Background To explore whether peripheral blood neutrophils and lymphocytes are associated with longitudinal motor and cognitive decline in patients with early Parkinson’s disease (PD) and, to uncover the disease-specific mechanisms underlying these associations.
Methods Data were obtained from the Parkinson’s Progression Markers Initiative cohort. We included 376 patients with recently diagnosed, drug-naïve PD and 178 matched healthy controls. The patients underwent annual assessments, including the Movement Disorder Society Unified Parkinson’s Disease Rating Scale (MDS-UPDRS) part 3 test to measure motor function and the Montreal Cognitive Assessment (MoCA) to measure cognitive function, for up to 8 years of follow-up. Dopamine transporter (DAT) imaging was performed at baseline and the 1-year, 2-year and 4-year follow-up visits.
Results At baseline, patients with PD showed higher neutrophil and lower lymphocyte counts, resulting in a higher neutrophil-to-lymphocyte ratio (NLR) than that in healthy controls. Higher neutrophil counts were associated with a greater increase in MDS-UPDRS part 3 scores in patients with PD (estimate: 0.25, 95% CI: 0.12 to 0.37, p<0.001). Correspondingly, higher neutrophil levels were related to a greater reduction in DAT activity in the caudate (estimate: −0.007, 95% CI: −0.014 to −0.001, p=0.046) and putamen (estimate: −0.0039, 95% CI: −0.0077 to −0.0002, p=0.042). However, there were no significant effects of lymphocyte count and NLR on changes in the MDS-UPDRS part 3 and MoCA scores and striatal DAT uptake over time.
Conclusion Among the blood biomarkers, only a higher neutrophil count was associated with faster motor progression along with accelerated nigrostriatal dopaminergic degeneration in patients with PD. The impact of neutrophils and lymphocytes on longitudinal cognitive changes remains unclear.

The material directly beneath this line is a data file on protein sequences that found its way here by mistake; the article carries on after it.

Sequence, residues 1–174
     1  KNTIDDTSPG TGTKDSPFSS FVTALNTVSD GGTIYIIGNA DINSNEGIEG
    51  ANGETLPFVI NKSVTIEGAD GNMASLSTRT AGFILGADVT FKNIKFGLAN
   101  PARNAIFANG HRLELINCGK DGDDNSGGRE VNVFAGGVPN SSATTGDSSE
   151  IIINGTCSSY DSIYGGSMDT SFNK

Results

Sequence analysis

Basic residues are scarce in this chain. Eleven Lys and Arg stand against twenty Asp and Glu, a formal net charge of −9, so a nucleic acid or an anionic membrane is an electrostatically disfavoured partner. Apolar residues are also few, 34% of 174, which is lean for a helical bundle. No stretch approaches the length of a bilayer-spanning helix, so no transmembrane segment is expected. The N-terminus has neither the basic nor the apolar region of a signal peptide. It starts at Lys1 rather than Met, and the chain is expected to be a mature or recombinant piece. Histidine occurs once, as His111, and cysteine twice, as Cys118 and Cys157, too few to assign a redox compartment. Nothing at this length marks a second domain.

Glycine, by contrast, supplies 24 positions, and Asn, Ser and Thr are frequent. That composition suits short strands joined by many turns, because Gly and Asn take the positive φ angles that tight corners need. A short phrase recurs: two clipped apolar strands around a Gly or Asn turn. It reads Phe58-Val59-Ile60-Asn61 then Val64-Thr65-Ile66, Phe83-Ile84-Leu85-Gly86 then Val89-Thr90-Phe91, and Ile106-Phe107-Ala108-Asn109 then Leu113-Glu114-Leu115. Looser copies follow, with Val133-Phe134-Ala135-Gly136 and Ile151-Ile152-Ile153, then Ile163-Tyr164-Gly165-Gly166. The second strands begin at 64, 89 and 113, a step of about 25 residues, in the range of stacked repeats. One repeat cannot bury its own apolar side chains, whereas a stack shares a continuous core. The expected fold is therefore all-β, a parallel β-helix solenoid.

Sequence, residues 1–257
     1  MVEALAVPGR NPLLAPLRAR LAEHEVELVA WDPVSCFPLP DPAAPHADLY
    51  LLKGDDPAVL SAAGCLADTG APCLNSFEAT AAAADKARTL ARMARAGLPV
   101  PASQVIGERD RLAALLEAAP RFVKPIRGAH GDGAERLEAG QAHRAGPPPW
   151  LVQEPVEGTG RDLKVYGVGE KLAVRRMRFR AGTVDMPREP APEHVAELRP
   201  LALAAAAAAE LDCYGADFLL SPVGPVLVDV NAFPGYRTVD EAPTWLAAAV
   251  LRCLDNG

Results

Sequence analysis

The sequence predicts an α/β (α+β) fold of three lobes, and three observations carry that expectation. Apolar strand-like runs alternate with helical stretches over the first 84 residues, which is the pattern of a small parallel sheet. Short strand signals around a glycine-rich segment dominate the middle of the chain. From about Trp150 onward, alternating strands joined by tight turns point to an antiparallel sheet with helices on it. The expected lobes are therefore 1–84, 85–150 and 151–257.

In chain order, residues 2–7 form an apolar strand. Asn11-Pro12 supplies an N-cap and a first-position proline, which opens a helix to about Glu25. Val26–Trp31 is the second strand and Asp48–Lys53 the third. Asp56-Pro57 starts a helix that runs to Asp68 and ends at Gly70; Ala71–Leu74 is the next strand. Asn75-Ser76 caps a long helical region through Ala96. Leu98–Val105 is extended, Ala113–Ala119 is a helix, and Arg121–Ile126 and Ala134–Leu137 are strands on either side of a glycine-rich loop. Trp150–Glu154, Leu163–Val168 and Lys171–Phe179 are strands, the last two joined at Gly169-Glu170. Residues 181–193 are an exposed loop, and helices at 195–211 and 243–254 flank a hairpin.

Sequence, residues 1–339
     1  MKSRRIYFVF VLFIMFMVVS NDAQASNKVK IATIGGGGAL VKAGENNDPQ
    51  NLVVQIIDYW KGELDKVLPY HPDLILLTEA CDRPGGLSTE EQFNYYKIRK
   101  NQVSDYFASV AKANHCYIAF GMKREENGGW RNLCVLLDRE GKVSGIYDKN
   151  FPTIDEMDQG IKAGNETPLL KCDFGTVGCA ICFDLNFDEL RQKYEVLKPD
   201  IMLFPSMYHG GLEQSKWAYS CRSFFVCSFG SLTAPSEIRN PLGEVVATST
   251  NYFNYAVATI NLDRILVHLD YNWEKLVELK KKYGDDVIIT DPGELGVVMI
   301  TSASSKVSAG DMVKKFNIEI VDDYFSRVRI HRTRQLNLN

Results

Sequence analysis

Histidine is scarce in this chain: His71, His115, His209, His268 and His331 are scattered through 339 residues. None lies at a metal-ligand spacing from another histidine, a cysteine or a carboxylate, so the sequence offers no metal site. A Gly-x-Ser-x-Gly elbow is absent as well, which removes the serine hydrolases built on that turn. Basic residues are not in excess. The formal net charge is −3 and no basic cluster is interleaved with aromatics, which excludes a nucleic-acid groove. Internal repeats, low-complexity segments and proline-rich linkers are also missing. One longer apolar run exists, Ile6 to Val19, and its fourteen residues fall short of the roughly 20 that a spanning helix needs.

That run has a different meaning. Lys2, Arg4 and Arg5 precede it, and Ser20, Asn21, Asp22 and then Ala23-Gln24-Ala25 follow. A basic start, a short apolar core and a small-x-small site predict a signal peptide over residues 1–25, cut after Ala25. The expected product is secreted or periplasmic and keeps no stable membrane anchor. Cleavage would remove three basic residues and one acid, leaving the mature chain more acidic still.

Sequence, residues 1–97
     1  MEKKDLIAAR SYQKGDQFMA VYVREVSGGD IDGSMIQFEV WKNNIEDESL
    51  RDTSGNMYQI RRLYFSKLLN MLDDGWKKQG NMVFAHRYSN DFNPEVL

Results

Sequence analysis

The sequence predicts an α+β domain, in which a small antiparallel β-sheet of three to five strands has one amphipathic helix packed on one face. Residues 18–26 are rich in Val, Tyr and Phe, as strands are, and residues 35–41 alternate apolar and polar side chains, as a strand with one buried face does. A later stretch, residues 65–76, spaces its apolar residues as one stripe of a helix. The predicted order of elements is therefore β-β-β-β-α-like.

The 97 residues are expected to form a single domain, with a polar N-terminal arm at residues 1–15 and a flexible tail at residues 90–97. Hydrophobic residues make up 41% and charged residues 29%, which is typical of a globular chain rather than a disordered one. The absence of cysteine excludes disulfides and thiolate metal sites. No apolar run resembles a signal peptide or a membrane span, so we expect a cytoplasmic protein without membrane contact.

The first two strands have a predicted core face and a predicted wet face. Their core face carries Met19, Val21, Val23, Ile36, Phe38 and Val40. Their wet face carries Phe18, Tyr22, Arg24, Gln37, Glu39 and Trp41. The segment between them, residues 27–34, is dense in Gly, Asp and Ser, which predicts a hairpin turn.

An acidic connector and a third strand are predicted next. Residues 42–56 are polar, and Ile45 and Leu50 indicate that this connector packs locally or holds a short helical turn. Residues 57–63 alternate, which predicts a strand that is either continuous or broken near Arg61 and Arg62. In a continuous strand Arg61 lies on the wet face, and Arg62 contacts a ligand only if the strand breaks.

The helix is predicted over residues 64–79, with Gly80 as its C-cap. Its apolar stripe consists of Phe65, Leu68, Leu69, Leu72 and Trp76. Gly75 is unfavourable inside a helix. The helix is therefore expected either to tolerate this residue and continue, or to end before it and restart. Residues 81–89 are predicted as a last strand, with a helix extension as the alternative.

Trial registration number NCT01141023.
- PARKINSON'S DISEASE
Data availability statement
Data are available in a public, open access repository. All data reported in this article are available in the PPMI repository (www.ppmi-info.org).
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Contributors RK and J-SJ contributed to study conception and design. RK and J-SJ contributed to data acquisition and analysis. All authors contributed to data interpretation. RK and J-SJ contributed to drafting of the manuscript. All authors critically revised the manuscript and approved the final version. J-SJ is responsible for the overall content as guarantor.
Funding This work was supported by the Bio & Medical Technology Development Program of the National Research Foundation (NRF) funded by the Korean government (MSIT) (No. 2021M3E5D1A02015184). This work was supported by the NRF grant funded by the Korea government (MSIT) (No. 2020R1C1C1013382 and 2021R1C1C1011822).
Competing interests None declared.
Provenance and peer review Not commissioned; externally peer reviewed.
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